What have been the top trends of 2016? And which factors have been turning fashion companies off?
Athleisure was undoubtedly the product trend of 2016. Inspired by sporty supermodels such as Gigi Hadid, women embraced wearing yoga pants and off-shoulder sweatshirts outside of the gym.
See now, buy now
The hottest trend on the catwalk this season has been instant shopping.
Fashion fans no longer have to wait months to be able to buy the clothes they see on the runway. Brands including Burberry, Tommy Hilfiger, Topshop Unique and Ralph Lauren staged their first shoppable shows this year. Early signs show this move is stimulating more sales.
Retailers have attempted to take advantage of the amount of time we all spend on messaging apps such as Facebook Messenger and WhatsApp by talking to shoppers on these platforms. Consumers can now chat with retailers, get personalised recommendations and even buy products.
Social media is no longer nice to have for fashion retailers: it’s must have. According to John Lewis, social networks are now more influential than celebrities or the catwalk in terms of style inspiration.
Social is fast becoming more than a marketing channel as it’s driving sales too. That’s why retailers, from River Island, to Burberry, to Topshop, are spending big on these platforms. With the likes of Instagram and Snapchat adding ecommerce functionality to their platform, social’s power only looks set to grow for fashion retailers.
Fashion retailers are turning against the event in their droves. Jigsaw and Fat Face were just two of the retailers that have shunned the event, which has proved a drag on margins.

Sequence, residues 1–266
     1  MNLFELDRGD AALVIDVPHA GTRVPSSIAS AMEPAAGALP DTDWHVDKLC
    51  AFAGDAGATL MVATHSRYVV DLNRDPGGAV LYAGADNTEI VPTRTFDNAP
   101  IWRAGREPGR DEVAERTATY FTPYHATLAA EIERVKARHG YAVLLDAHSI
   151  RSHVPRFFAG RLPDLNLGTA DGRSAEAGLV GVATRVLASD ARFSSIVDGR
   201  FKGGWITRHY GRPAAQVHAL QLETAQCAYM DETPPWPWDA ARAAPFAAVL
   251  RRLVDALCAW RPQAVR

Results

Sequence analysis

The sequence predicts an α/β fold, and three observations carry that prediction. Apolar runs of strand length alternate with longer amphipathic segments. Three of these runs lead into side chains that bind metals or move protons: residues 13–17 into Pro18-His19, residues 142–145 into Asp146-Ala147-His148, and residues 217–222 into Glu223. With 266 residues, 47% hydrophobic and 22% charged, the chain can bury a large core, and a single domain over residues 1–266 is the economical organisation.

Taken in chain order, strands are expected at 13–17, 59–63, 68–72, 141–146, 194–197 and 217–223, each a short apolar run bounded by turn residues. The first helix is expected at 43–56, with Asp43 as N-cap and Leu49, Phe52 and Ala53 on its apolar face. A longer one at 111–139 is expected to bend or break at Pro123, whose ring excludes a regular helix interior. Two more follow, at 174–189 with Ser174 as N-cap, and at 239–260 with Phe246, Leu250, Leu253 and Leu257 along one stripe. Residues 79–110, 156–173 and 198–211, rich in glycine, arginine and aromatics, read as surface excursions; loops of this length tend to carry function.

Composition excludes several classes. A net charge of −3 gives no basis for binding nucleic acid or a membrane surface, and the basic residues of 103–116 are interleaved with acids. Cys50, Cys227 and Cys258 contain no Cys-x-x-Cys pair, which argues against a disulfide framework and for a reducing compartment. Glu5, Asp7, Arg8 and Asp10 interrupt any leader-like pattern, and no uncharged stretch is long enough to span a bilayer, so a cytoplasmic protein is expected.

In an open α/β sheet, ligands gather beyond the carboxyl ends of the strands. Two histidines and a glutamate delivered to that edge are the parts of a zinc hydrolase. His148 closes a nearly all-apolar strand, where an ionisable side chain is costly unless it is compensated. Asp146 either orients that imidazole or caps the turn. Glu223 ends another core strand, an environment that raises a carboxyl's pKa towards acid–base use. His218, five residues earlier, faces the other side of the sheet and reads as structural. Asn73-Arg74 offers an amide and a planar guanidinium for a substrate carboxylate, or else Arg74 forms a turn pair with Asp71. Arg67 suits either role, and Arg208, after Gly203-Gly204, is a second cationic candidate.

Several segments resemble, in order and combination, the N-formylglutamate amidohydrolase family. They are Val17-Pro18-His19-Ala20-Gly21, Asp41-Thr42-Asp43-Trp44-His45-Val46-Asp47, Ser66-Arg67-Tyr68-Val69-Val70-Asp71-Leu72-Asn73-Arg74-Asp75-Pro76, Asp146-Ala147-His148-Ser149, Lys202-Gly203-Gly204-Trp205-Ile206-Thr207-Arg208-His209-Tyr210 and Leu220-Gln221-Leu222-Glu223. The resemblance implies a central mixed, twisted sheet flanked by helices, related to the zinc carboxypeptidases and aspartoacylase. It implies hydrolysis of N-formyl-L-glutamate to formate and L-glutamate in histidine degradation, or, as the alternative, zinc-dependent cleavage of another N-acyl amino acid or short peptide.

Fat Face boss Anthony Thompson claimed that Black Friday is “a discounting drug in pantomime disguise” and even guaranteed that its prices would remain the same until Christmas.
Meanwhile, Jigsaw boss Peter Ruis said that those that participate in Black Friday look like “traders peddling cheap stuff on a market stall”.
Warehouse workers’ conditions
Workers’ rights have come under the spotlight this year and fashion retailers have not covered themselves in glory.
Sports Direct’s warehouse was compared to a Victorian workhouse and boss Mike Ashley was hauled in front of MPs to answer questions about working conditions.
Meanwhile, Asos is also facing an investigation by MPs after Buzzfeed revealed that workers at its Barnsley warehouse said they were “treated like machines”.
The weather has not been kind to fashion retailers this year. A mild winter and cold spring gave way to a wet and windy start to summer followed by one of the warmest autumns on record.
All of this has played havoc with retailers’ seasonal offer and led to markdown across the high street.
Some of retail’s biggest names, including Next, Primark and John Lewis, have been hit by the weather and this has led many to rethink the traditional clothing seasons.
The weak pound
The devaluation of the pound in the wake of the EU referendum has increased the cost price of goods and raw materials for fashion retailers.
Retail bosses now have a tough decision to make – whether to raise prices for consumers or absorb the additional costs themselves.
Next boss Lord Wolfson has warned that its prices could rise up to 5% next year while M&S chief executive Steve Rowe has vowed to keep prices down. Both strategies have their risks and set the scene for a turbulent year in fashion retail in 2017.